Tuesday, 16 November 2010
Couple Wins €190,000 From Portugal After Human Rights Breach
In today’s Grand Chamber judgment in the case Perdigão v. Portugal (application no 24768/06), which is final , the European Court of Human Rights held, by fourteen votes to three, that there had been:
A violation of Article 1 of Protocol No. 1 (protection of property) to the European Convention on Human Rights.
The Court held, by 14 votes to three, that Portugal was to pay the applicants EUR 190,000 in respect of pecuniary and non-pecuniary damage.
The applicants, João José Perdigão and Maria José Queiroga Perdigão, are Portuguese nationals who were born respectively in 1932 and 1933 and live in Lisbon.
A piece of land measuring nearly 130,000 m² which they owned was expropriated in 1995 to build a motorway. As Mr and Mrs Perdigão did not agree with the authorities on the amount of compensation to be paid to them, an arbitration committee decided they were to be given 177,987.17 euros (EUR) for the expropriated land. Mr and Mrs Perdigão appealed against that decision in March 1997, claiming that they were entitled to receive over EUR 20 million in compensation, in exchange for their land and the potential profit they could have made by exploiting a quarry which existed on it. Subsequent expert assessments valued the land and the potential profit from the quarry at about EUR 4 million and EUR 9 million respectively.
In June 2000, the court rejected Mr and Mrs Perdigão’s claim as it found that the potential profits from the quarry should not be taken into account. The court thus set, in June 2000, the compensation at just over EUR 197,000 and, in April 2005, the court fees at just over EUR 300,000. Once the compensation awarded to the applicants had been deducted, they still owed the State EUR 111,816.46. Following a claim submitted by the applicants to the Constitutional Court, in September 2007 it declared unconstitutional the provision of the then Court Fees Code, as interpreted by the lower courts, as it found that the sum, which the applicants were asked to pay, was large enough to have affected their right of access to a court. As the Constitutional Court did not decide on the amount of court fees finally owed by Mr and Mrs Perdigão, they turned to the appeal court for clarification. In January 2008, the appeal court decided, without giving reasons, that the court fees Mr and Mrs Perdigão owed should not exceed the compensation they were awarded by more than EUR 15,000.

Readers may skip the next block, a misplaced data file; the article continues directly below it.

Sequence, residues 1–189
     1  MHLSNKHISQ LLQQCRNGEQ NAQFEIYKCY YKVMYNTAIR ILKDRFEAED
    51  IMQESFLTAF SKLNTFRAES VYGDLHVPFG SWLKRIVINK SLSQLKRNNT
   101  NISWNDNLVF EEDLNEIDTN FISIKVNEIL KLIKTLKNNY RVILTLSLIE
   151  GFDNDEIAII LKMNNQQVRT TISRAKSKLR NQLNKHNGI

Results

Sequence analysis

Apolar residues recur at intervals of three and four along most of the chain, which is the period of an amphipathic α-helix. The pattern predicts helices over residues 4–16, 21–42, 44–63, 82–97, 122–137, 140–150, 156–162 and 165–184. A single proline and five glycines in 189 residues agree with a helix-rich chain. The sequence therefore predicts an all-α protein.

As a result, not only did the amount awarded in compensation eventually revert to the State, but the applicants had to pay another EUR 15,000, which they did in February 2008.
Decision of the Court
Article 1 of Protocol No. 1
Applicability to applicants’ complaint
The Court first noted that the applicants’ complaint concerned the way in which the Portugese law regulations governing court fees had been applied in their case. It then confirmed the Chamber’s finding that court fees had to be considered “contributions”, under Article 1 of Protocol No 1, which the State was entitled to collect in accordance with its own legislation.
Examining the question of whether Mr and Mrs Perdigão’s obligation to pay the court fees had been an interference with their right to the peaceful enjoyment of their possessions, protected under paragraph 1 of Article 1 of Protocol No 1, the Court decided to examine their application under Article 1 of Protocol No 1 taken as a whole.
Compliance of authorities’ actions